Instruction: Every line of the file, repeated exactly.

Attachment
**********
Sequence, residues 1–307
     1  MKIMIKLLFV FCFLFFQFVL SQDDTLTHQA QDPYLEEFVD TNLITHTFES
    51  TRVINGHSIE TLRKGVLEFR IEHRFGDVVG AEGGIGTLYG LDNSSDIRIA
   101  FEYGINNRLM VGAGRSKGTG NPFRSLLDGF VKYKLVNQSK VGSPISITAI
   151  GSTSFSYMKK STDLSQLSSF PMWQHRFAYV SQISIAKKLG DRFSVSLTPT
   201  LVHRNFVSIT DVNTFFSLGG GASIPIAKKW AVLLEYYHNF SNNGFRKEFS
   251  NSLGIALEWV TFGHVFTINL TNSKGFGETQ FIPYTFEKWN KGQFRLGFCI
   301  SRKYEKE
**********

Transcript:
Sequence, residues 1–307
     1  MKIMIKLLFV FCFLFFQFVL SQDDTLTHQA QDPYLEEFVD TNLITHTFES
    51  TRVINGHSIE TLRKGVLEFR IEHRFGDVVG AEGGIGTLYG LDNSSDIRIA
   101  FEYGINNRLM VGAGRSKGTG NPFRSLLDGF VKYKLVNQSK VGSPISITAI
   151  GSTSFSYMKK STDLSQLSSF PMWQHRFAYV SQISIAKKLG DRFSVSLTPT
   201  LVHRNFVSIT DVNTFFSLGG GASIPIAKKW AVLLEYYHNF SNNGFRKEFS
   251  NSLGIALEWV TFGHVFTINL TNSKGFGETQ FIPYTFEKWN KGQFRLGFCI
   301  SRKYEKE